Looking back at the new Medical Research Park being built alongside Addenbrooke's Hospital. These cranes are visible for miles (kilometres).
There is an odd path leading from the railway bridge, I am not sure where it will eventually lead to - perhaps alongside the railway line?
After a detour of Sustrans 11 I rejoined it along Long Road - pausing to take this picture of the CGB construction work. This part seems to be progressing more slowly to me - there was certainly a lot of work necessary up on Hills Road close to the railway station to provide a route for the CGB under Hills road alongside the railway track. On the right of the picture there is quite an encampment of workers - the track looks finished - but it has not gotten its recycled chewed up tyre infill yet.
At the point I cycled up to the Trumpington Road and headed off towards Cambridge on the shared-use pavement before cycling down through New Bit, alongside Coe Fen then onto the Fen Causeway before crossing the Lammas land onto the A603 before heading off down Grange Road, Herschel Road, Sylvester Road, Adams Road onto Stacey Lane - up past the Cavendish Laboratory. This is a path that goes up to Coton. Why no photographs you might ask. Well it started raining, harder and harder and then hail came down, harder and harder. Despite having waterproof gear on icy-cold water got inside my collar ran down inside my jacket into my gloves. At this point I was freezing and just wanted to get home. My hands were so cold that I got little spams of pain as I went over bumps. Alongside the Cam there were some boat races taking place and I found myself cycling against the tide of cyclists following their boats. It was great to hop into a hot bath when I got home, after first putting all my drenched clothes in the sink to drain.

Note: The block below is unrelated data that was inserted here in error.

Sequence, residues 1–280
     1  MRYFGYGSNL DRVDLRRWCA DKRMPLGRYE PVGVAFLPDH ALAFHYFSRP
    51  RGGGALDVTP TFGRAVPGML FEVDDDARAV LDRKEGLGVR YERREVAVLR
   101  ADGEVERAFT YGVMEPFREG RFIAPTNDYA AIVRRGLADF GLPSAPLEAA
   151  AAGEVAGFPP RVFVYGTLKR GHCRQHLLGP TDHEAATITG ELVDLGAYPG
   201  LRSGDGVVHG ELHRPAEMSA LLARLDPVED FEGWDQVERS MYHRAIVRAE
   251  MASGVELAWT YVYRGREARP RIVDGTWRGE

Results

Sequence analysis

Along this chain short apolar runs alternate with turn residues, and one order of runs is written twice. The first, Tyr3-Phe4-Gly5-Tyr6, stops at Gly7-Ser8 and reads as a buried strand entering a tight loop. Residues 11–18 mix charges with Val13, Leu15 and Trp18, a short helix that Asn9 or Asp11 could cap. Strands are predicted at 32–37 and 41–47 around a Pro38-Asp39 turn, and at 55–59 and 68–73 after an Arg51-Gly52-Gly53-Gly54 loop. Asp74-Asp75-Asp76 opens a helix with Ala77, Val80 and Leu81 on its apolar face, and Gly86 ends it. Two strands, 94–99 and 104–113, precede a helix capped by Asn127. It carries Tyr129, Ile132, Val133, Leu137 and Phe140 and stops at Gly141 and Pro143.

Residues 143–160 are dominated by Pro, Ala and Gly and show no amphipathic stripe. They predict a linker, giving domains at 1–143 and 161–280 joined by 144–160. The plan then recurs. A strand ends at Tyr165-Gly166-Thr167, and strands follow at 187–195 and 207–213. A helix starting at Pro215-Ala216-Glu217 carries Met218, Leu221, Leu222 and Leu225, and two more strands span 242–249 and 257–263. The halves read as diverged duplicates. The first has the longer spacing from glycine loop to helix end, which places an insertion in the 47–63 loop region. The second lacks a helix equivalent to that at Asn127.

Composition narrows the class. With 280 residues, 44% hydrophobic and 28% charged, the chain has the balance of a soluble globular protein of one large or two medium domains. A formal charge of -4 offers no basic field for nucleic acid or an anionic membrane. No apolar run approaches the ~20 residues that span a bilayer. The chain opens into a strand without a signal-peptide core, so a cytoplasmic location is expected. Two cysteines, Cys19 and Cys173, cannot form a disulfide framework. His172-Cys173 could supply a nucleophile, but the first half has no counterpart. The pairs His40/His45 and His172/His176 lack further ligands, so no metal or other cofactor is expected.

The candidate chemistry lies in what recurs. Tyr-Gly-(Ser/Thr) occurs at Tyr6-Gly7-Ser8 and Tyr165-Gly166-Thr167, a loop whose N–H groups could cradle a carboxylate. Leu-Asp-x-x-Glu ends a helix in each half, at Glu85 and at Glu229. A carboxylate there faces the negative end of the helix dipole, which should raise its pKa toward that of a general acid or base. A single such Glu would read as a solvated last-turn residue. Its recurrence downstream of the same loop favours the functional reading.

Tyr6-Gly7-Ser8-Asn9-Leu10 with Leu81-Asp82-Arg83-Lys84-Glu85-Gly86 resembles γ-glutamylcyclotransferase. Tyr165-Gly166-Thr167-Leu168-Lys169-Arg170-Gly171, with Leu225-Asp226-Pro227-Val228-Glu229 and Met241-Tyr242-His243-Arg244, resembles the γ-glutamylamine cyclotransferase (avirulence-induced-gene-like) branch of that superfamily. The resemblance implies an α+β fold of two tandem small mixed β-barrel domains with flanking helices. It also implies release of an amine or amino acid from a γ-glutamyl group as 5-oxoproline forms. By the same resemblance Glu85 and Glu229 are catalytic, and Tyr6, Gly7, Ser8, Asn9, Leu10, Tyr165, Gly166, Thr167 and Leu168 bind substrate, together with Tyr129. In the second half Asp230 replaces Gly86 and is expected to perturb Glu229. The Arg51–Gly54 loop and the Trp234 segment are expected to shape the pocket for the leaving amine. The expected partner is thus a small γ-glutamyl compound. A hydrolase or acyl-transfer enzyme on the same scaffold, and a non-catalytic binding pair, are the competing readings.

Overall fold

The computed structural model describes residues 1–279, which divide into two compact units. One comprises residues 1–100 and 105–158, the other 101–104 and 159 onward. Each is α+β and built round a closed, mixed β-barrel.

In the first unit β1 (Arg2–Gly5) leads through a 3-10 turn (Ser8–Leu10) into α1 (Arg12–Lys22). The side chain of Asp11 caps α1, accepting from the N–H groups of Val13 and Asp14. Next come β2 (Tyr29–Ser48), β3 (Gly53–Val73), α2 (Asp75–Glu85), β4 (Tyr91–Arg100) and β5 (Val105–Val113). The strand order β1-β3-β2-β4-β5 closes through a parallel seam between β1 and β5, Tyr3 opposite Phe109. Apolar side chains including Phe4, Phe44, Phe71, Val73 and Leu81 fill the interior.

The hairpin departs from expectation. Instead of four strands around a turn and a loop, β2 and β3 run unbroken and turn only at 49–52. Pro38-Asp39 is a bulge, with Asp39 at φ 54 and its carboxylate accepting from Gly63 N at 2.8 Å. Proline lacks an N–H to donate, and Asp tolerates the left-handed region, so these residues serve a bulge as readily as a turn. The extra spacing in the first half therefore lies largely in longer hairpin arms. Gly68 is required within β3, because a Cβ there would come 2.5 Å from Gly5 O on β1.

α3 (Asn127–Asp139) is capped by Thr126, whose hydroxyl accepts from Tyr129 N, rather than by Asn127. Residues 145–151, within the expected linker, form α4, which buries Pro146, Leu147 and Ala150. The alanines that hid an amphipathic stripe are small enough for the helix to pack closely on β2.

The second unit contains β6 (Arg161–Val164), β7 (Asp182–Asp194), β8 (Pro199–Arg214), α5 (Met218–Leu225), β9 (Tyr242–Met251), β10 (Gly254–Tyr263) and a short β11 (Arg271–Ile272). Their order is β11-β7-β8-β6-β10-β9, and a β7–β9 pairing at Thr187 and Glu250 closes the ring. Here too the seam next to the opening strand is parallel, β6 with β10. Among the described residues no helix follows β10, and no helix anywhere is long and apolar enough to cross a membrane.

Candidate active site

When you chop up chillies and have slight abrasions on your hands it causes your hands to sting slightly for a while, despite any hand-washing you do. Well I got the same pain from having icy-cold water in my gloves and having to cycle for a while.